Evina discovered the flaw in these apps and contacted Google for further action at the end of May. Once the company’s findings were verified, the apps were kicked from the Play Store. Google not only removed the apps from the Play Store but also disabled them on users’ smartphones and informs them via the Play Protect feature.

In recent times, users are increasingly aware of phishing and data collection since social platforms like TikTok have also been caught red-handed. Apple has emphasized its focus on privacy and announced a host of new features to protect the user via iOS 14. Even Xiaomi has added a range of new methods to protect the user in MIUI 12.

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Google, Facebook, Twitter resist China’s attempt to censor Hong Kong

China is trying to curb free speech

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Google, Facebook, and Twitter have temporarily stopped processing government requests for user data in Hong Kong. A new security law went into effect on July 1 and Google immediately paused processing requests.

Even WhatsApp has stopped processing further requests. The controversial law is seen as an attempt by China to curb free speech in the former British colony.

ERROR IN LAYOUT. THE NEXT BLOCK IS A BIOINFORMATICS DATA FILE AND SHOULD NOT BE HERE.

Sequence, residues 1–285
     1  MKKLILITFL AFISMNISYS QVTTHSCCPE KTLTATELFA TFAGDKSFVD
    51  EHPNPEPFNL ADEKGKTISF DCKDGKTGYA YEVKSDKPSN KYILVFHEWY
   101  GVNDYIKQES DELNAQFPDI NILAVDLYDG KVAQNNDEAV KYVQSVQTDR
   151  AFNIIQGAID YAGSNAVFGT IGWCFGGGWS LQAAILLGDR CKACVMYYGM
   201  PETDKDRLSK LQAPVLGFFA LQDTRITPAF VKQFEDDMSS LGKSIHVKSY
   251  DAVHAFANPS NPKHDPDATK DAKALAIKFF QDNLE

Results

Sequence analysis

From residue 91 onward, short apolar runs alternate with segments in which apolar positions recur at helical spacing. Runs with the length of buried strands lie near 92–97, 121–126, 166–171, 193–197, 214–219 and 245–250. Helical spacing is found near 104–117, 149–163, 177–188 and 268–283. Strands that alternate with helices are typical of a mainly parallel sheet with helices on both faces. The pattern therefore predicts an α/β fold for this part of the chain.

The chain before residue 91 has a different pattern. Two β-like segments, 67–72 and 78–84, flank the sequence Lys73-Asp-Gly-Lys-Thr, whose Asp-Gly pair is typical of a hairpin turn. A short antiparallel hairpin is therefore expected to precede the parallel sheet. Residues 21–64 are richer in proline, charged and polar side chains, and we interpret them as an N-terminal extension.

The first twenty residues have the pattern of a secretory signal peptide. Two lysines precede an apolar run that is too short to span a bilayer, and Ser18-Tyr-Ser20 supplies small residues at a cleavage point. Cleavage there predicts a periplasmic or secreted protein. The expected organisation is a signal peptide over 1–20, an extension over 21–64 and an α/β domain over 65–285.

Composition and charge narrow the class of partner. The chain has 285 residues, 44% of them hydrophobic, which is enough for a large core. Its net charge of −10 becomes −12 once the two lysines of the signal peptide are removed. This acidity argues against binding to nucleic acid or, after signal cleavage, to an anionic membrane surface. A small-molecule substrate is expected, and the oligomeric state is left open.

Pro-democracy protestors are worried the new law will be used to censor the internet. Twitter cited “grave concerns” about the law”s implications.

This is seen as China’s broader plan to establish its supremacy and expand its ideology. The new law includes the ability to ask publishers to remove information deemed as a threat to national security. Refusal to enact the request could result in a fine or jail time.

Tech companies work in tandem with local law enforcement agencies to moderate content on their platforms. With the new law, processing Hong Kong government’s request would indirectly mean handing over user data and endangering pro-democracy protestors.

In simpler terms, you could be jailed for a social media post that says anything against the administration.

Citizens are actively switching to messaging apps like Signal that provide end-to-end encryption. This helps in masking your identity to a great extent.

Previously, when the internet was shut down to curb protests, citizens used offline messaging apps like Bridgefy and FireChat to spread the world and coordinate protest efforts.

Mainland China has a firewalled internet that is highly censored and constantly surveilled. The irony is, ByteDance’s TikTok isn’t available in China while the rest of the world can freely use it.

TikTok has also officially announced it will be exiting Hong Kong within a few days. But this move is seen as a smokescreen to avoid its Chinese origin.

SEE ALSO: 6 tips to make your phone more private and secure